House Majority Whip Kevin McCarthy of Calif., arrives for GOP leadership elections, on Capitol Hill in Washington, Thursday, June 19, 2014. House Republicans elected McCarthy as majority leader, party's No. 2 post. (AP Photo)
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Two major conservative groups are pushing House GOP leaders to terminate the Export-Import Bank this month, and letting the Bank expire is a key test of whether Republicans are serious about advancing conservative principles.
"The Export-Import Bank is a small thing, this we know," the Club for Growth and Heritage Action for America wrote Monday to House Majority Leader Kevin McCarthy (R-Calif.). "But Leader McCarthy, if you can't start with the Export-Import Bank, then how can Americans trust the Republican Party to tackle the big challenges our nation faces after six years of President Obama and his failed policies?"
Rep. Kevin McCarthy of Calif. is being asked by conservatives to allow the Export-Import Bank to expire this month, which is posing an early dilemma for the new Majority Leader. (AP Photo/J. Scott Applewhite)
The fate of Ex-Im has been shaping up as a key test for GOP leaders, especially after the primary defeat of former Leader Eric Cantor (R-Va.), who supported the Bank. McCarthy, his replacement, has been on the record as saying he opposes Ex-Im, something Club for Growth and Heritage Action noted in their letter.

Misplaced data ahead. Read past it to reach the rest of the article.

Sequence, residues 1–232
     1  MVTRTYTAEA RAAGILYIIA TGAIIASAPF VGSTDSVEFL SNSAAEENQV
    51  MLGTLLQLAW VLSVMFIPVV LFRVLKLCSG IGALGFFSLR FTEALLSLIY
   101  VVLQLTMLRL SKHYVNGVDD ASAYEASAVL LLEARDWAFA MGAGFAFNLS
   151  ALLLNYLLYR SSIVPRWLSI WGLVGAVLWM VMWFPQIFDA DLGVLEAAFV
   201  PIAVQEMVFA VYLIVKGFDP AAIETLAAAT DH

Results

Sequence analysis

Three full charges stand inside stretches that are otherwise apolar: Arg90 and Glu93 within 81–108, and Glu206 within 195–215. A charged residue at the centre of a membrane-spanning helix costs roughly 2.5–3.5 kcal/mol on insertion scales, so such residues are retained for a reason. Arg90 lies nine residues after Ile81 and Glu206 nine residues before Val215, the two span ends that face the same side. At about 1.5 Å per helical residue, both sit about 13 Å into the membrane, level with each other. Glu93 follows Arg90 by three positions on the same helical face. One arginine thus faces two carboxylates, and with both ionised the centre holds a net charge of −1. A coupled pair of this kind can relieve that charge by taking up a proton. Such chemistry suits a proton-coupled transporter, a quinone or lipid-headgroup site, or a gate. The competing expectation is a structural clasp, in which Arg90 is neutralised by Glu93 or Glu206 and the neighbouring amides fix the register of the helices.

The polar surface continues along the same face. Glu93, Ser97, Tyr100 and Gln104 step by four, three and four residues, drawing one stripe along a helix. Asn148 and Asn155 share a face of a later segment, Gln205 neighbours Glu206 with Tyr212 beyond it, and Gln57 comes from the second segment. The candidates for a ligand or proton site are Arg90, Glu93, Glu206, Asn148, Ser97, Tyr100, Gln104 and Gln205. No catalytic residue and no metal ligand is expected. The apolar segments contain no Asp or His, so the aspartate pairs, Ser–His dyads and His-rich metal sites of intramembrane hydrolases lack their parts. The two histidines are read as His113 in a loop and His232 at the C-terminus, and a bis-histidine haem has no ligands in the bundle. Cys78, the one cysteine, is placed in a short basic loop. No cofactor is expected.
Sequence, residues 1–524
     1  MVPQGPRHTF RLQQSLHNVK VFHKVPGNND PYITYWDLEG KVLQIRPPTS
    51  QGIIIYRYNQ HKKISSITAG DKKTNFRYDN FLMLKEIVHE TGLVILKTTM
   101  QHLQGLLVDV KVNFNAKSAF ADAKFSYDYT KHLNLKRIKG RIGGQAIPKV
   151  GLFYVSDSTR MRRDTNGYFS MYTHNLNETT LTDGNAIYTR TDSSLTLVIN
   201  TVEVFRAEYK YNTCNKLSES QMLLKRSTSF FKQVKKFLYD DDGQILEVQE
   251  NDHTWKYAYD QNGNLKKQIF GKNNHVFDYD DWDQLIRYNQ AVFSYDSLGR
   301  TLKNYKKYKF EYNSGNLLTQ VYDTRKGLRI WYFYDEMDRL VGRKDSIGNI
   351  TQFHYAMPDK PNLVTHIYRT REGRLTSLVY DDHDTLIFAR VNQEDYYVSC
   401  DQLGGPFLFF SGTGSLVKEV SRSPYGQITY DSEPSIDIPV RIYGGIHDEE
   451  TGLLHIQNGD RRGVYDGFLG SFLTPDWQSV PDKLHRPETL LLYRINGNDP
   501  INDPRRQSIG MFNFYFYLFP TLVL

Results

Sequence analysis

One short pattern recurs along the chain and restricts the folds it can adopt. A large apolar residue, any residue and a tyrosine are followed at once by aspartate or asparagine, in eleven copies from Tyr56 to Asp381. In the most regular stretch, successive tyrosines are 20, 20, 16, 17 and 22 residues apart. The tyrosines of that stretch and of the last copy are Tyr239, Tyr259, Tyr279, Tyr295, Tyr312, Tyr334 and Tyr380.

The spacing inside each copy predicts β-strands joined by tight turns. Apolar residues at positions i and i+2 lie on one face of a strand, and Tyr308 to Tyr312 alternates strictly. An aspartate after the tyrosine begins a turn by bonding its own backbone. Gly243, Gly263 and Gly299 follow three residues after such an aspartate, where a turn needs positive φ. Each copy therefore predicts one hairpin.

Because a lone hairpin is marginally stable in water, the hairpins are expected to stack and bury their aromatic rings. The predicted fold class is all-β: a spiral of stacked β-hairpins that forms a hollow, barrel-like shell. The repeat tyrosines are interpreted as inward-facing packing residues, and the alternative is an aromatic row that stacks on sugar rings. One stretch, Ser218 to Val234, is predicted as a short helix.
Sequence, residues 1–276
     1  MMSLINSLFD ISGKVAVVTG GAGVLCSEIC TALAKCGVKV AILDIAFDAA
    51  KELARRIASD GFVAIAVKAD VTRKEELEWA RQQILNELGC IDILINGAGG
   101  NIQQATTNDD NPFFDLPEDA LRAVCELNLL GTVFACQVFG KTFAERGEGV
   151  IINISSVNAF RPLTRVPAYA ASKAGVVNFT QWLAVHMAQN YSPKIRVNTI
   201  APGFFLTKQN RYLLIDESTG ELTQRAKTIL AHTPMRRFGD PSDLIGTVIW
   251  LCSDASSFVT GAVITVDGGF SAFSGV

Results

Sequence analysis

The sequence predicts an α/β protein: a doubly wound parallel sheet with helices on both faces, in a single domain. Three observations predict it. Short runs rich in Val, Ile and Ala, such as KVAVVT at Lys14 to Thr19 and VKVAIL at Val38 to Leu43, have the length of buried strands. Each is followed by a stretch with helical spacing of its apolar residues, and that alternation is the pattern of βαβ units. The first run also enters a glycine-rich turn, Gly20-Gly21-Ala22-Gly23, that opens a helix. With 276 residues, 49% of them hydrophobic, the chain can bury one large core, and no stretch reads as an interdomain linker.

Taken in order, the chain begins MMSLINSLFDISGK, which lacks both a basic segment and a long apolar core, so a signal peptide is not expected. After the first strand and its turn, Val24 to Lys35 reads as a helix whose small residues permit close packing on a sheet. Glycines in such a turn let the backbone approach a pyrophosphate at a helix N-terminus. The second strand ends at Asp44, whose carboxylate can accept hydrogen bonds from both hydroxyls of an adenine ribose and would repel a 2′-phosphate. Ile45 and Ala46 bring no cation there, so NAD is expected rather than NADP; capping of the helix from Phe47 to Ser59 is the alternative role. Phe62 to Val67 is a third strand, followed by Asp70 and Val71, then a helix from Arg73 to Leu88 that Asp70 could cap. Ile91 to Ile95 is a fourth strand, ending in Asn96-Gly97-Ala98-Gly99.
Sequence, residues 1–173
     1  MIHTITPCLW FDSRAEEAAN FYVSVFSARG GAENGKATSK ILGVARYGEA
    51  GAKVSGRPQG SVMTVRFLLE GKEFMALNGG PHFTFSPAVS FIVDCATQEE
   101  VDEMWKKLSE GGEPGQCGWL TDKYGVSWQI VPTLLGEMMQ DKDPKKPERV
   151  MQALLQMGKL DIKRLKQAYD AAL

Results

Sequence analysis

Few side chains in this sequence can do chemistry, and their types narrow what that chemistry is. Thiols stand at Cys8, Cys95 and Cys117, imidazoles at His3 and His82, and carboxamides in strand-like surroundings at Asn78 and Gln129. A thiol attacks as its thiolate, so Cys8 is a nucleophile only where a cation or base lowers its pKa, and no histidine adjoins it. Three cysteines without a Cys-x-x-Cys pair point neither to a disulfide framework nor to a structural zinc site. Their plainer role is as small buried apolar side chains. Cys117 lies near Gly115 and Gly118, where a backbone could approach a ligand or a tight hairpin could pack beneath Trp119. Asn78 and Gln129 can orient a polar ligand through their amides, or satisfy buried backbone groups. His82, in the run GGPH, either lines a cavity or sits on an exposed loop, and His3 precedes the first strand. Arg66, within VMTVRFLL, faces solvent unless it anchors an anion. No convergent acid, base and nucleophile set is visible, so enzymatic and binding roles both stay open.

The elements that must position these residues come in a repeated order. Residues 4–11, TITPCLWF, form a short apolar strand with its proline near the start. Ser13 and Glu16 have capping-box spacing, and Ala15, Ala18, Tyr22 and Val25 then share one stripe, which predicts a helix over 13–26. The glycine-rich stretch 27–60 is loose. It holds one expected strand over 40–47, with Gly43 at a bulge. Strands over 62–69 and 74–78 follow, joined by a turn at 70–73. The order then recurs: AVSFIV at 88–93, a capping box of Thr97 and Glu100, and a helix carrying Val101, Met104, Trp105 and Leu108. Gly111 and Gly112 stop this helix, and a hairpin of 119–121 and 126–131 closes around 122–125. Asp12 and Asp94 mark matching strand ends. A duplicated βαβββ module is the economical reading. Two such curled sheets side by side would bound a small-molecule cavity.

"We were greatly encouraged by your comments on Fox News Sunday on June 22nd, in which you stated that the Export-Import Bank is 'something government does not have to be involved in. The private sector can do it,' " they said. "You also quite explicitly answered 'yes' to the question of whether or not you would allow the charter for the bank to expire."
But despite McCarthy's position, signs have emerged that the House will provide a short-term extension for Ex-Im sometime in the next few weeks, possibly as part of bill to fund the entire government. House Financial Services Committee Chairman Jeb Henslaring (R-Texas) also wants to see Ex-Im terminated, but reports say he's fine with a short-term extension, which would give him time to reach an agreement on how to finally wind it down.
Many conservatives see the Bank as a classic example of a government excess that picks winners and losers in the economy, subsidizes foreign companies, and is no longer needed. Ex-Im provides financing and loan guarantees for foreign companies looking to buy U.S. goods and services, and has long been seen as a major way to boost exports of Boeing aircraft.
But Club for Growth and Heritage Action have pointed out that companies who buy Boeing aircraft have said they could do so without Ex-Im financing. Last week, Heritage Action Communications Director Dan Holler noted press reports saying Emirates, an airline out of Dubai, said Ex-Im is no longer needed.
"With one of Boeing's top customers downplaying the importance of the taxpayer-backed bank, lawmakers are running out of excuses to save it," Holler said Friday. "Instead of looking for procedural maneuvers to save this fund for corporate welfare, the Republican-controlled House should simply allow it to expire."
And while Ex-Im has been stressing its importance to exporting companies over the last few months, the letter dismissed those efforts as a public relations campaign meant to hide the fact that the Bank's subsidies mainly benefit "politically connected companies that receive its subsidies."
In a memo to his GOP colleagues last week, McCarthy did not mention how Republicans will handle Ex-Im, although again, some extension is expected. A House aide said leaders have not provided any specifics in public about how or when they'll deal with the issue.
Read the letter from Club for Growth and Heritage Action here:
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